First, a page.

- Book: The Gentlewomans Companion
- Section: What Recreations and Pleasures are most fitting and proper for young Gentlewomen.
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What Recreations and Pleasures are most fitting and proper for young Gentlewomen.
REcreations which are most proper and suitable to Ladies, may be rankt under four principal heads, Musick, Dancing, Limning62 and Reading. Of Dancing I have already lightly treated on in the directions for your deportment at Balls63 ; however this I will say further of it, that though the Romans had no very great esteem for it as may appear by Salusts speaking of Sempronia64 , She danced better than became a virtuous Lady, yet the mode and humour of these times look upon it not only as a generous and becoming property, but look upon Gentility ill bred if not thorowly acquainted therewith; and to speak the truth it is the best and readiest way to put the body into a graceful posture; behaviour must of necessity halt without it; and how will you blush when you come into a mixt society, where each person strives to shew her utmost art and skill in Dancing, and you for the want thereof must stand still and appear like one whose body was well framed but wanted motion, or a soul to actuate it.
In the next place, Musick is without doubt an excellent quality; the ancient Philosophers were of the opinion, that Souls were made of Harmony; and that that Man or Woman could not be virtuously inclined who loved not Musick; wherefore without it a Lady or Gentlewoman can hardly be said to be absolutely accomplished.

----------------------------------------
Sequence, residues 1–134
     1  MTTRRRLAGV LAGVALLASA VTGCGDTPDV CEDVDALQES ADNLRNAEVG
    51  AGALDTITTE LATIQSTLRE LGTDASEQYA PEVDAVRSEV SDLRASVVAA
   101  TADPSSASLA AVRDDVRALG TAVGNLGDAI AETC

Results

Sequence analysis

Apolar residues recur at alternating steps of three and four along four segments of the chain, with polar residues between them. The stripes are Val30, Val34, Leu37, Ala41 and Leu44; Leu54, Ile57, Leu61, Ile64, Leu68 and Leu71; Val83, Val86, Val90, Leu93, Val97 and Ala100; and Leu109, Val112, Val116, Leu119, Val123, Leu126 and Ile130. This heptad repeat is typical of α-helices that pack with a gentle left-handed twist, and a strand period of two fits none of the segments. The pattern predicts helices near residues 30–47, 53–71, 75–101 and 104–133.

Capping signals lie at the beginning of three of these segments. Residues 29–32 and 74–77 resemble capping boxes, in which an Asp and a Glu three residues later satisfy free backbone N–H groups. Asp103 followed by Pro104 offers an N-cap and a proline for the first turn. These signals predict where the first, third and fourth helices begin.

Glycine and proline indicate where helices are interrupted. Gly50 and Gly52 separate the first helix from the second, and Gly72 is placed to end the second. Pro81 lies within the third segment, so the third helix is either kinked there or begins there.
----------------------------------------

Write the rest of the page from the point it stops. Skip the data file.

Limning is an excellent qualification for a Gentlewoman to exercise and please her fance therein. There are many foreign Ladies that are excellent Artists herein; neither are there wanting Examples enough in his Majesty's three Kingdoms of such Gentlewomen, whose indefatigable industry in this laudable and ingenious Art may run parallel with such as make it their profession.
Some may add Stage-plays as a proper recreation for Gentlewomen; as to that (provided they have the consent of Parents or Governess) I shall leave them to make use of their own liberty, as they shall think convenient.
I am not ignorant that Stage-plays have been much envy'd at, and not without just cause; yet most certain it is, that by a wise use, and a right application of many things we hear and see contain'd therein, we may meet with many excellent precepts for instruction, and sundry great Examples for caution, and such notable passages, which being well applied (as what may not be perverted) will confer no small profit to the cautious and judicious Hearers. Edward the Sixth the Reformer of the English Church, did so much approve of Plays, that he appointed a Courtier eminent for wit and fancy to be the chief Officer in supervising, ordering, and disposing what should be acted or represented before his Majesty; which Office at this time retains the name of Master of the Revels. Queen Elizabeth, that incomparable Virtuous Princess, was pleased to term | | 20 Plays the harmless Spenders of time, and largely contributed to the maintenance of the Authors and Actors of them.
But if the moderate recourse of Gentlewomen to Plays may be excused, certainly the daily and constant frequenting them, is as much to be condemned.
There are an hundred divertisements65 harmless enough, which a young Lady may find out, suitable to her inclination; but give me leave to find out one for her which hath the attendance of profit as well as pleasure and that is Reading.